2. So you’re saying that a general news site attracts a larger overall audience than a site that’s targeted to those who are specifically interested in real estate, development, planning and design? Good to know! We’ll ramp up our sports, weather, fashion and entertainment coverage – and start pumping out lists of things random people write on Reddit and Twitter – ASAP!

            Now back to the 1600 Jackson Street site, the redevelopment of which we have been following since 2014, with a number of twists and turns between…

          3. Well, my dear Socket, you seem a bit touchy about a single comment, especially one that was actually directed at another (melodramatic) poster, not at you personally. Most owners of websites who feel confident the success of their website would not be so defensive or sarcastic.

            I let your whole snarky retort about “for those interested in actual numbers,” go, and I didn’t bother pointing out that while “half a million unique visitors” might sound impressive on the surface, it does not explain how many of those “unique visitors” stay on this website for any significant amount of time, nor does it explain how many of those visitors read any particular article on this site. It would be quite possible to have a half a million unique visitors to a website in a year, and still have a specific article on that website that only a couple of hundred people have read.

            Now, as you suggest, let’s get back to discussing planning and development.

  1. Shoulda been 6-10 floors of housing over the Grocery store, and WOW that’s ugly. Still bummed they can’t keep the murals…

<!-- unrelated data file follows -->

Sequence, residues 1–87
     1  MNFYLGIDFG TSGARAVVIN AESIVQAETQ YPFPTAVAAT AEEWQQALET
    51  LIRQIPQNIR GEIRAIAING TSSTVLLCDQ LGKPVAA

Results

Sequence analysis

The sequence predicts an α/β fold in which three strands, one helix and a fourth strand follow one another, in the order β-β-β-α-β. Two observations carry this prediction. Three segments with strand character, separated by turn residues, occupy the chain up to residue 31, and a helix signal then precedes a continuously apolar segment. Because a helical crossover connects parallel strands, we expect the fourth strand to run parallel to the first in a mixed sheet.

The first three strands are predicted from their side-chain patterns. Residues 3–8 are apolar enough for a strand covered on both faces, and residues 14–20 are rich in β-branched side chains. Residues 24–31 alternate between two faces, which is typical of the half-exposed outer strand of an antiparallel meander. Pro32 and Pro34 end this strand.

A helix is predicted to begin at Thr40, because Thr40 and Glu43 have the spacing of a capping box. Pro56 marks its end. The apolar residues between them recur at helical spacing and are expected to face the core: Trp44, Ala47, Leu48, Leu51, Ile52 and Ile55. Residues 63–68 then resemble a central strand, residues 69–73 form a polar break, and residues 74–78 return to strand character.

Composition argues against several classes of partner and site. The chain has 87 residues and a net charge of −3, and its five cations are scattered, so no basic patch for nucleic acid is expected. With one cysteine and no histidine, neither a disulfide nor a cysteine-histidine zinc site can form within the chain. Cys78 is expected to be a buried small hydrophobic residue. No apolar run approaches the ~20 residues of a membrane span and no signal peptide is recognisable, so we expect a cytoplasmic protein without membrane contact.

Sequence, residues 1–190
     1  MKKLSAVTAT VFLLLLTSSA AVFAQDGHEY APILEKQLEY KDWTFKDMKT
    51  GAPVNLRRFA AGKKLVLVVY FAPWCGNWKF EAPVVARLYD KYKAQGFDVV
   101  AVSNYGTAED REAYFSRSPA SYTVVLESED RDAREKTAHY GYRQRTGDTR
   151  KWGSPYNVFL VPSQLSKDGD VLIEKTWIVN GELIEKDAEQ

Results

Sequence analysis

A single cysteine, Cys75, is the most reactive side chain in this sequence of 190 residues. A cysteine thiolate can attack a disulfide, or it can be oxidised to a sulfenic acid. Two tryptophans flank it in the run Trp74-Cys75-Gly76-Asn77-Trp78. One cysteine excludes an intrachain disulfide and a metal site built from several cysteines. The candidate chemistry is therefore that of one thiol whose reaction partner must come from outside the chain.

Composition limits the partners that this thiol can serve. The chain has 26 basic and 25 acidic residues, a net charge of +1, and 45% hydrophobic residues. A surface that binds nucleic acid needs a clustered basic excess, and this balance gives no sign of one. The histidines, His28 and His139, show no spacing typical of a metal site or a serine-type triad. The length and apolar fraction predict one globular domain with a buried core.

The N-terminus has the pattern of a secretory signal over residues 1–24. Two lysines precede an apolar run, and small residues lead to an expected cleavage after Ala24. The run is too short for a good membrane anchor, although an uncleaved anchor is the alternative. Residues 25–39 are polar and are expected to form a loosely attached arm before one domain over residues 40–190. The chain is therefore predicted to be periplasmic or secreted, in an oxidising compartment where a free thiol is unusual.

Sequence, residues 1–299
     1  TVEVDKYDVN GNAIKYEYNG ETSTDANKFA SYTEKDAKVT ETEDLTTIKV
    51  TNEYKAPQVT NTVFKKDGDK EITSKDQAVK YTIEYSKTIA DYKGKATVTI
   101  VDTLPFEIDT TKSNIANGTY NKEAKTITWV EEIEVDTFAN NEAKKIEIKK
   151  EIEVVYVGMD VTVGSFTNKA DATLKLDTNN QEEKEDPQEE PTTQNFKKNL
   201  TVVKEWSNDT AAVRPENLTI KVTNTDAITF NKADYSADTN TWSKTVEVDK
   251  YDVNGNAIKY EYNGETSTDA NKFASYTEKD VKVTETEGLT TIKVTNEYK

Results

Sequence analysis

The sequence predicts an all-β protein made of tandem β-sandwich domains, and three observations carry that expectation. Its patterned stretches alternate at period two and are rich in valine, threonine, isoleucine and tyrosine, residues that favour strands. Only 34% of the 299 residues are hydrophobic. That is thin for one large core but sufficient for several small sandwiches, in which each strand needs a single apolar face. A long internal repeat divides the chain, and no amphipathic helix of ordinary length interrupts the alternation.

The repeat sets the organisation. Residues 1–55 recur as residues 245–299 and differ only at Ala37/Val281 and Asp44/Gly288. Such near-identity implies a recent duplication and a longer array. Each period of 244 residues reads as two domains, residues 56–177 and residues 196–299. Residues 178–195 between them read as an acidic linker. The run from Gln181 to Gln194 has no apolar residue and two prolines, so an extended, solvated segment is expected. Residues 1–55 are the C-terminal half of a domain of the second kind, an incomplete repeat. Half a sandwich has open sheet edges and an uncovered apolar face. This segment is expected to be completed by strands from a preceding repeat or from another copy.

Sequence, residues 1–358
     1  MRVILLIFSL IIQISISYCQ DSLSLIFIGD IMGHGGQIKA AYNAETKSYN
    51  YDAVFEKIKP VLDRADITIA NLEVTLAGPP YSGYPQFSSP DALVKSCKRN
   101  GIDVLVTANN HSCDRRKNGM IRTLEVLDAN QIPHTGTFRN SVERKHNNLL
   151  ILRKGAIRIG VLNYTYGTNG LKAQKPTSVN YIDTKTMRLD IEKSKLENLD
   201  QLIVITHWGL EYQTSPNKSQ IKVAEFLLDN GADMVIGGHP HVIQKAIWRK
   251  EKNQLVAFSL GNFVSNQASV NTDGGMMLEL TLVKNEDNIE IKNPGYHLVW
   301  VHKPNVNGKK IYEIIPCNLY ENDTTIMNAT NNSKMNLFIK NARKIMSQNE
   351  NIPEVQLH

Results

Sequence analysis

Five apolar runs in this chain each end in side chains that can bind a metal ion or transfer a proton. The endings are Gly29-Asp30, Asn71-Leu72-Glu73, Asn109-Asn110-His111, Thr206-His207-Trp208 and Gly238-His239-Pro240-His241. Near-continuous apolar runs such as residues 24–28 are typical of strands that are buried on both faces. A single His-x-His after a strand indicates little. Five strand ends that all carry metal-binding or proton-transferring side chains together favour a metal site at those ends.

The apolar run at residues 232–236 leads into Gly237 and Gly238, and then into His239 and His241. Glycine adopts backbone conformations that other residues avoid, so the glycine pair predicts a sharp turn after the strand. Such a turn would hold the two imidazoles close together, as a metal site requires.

1. It’s kind of funny how bad the pavement is in the existing conditions photo. More patches than you can count. But the rendering? It’s kinda like the guy showed newly painted crosswalks and made the asphalt look worse if possible. Hopefully they didn’t pay more than $20 for that artistic masterpiece or else the developer got ripped off….

  2. There is no good full spectrum grocery store in the few blocks north of here. Cheese Plus is great but limited.
    Real Foods on Polk has been devoted to a multi-year death spiral. Bi-Rite would be a gift but Santa is not bringing it here anytime soon.

    The community wants 365 here and despite the mean-spirited, unrehabilitated and vindictive local supervisor, we may finally get a grocery. If all we build are condos where do we shop? I don’t buy the traffic issue. There will be lots of shopper/walkers. Condos compete for parking and cause numerous auto trips when there is no local shopping.

    1. The WF 365 is fine, but you can build condos AND have a grocery underneath, like the whole foods on Market or the one on 4th. That’s the way of the future—way better than a 1-story waste of space store.

    1. It’s going to be approved. The neighborhood fought previous plans to build housing on the site. If you would like to offer free “school” for the planning department, by all means post the link to your online school.

  3. Looking objectively at the rendering, and considering the location, there should be several levels of apartments over that building.

  4. I do like buildings that have a pillar at the corner – there are a few examples in SOMA that really help on those narrow sidewalks. Best setup is the salesforce tower where the whole building curves.

    Can I request that we have more rounded buildings on corners of blocks?

  5. Agreed, it would be great to have housing above this but they are reusing an existing building meaning the grocery store will be opening its doors relatively quickly if approved.

    If the building had to be torn down (which it would be to have condos on top) and go through the permitting process at the city it would take several years (most likely more due to the push-back from the community) before the grocery store would open.

    I’m a fan of having the grocery store now rather than a vacant building.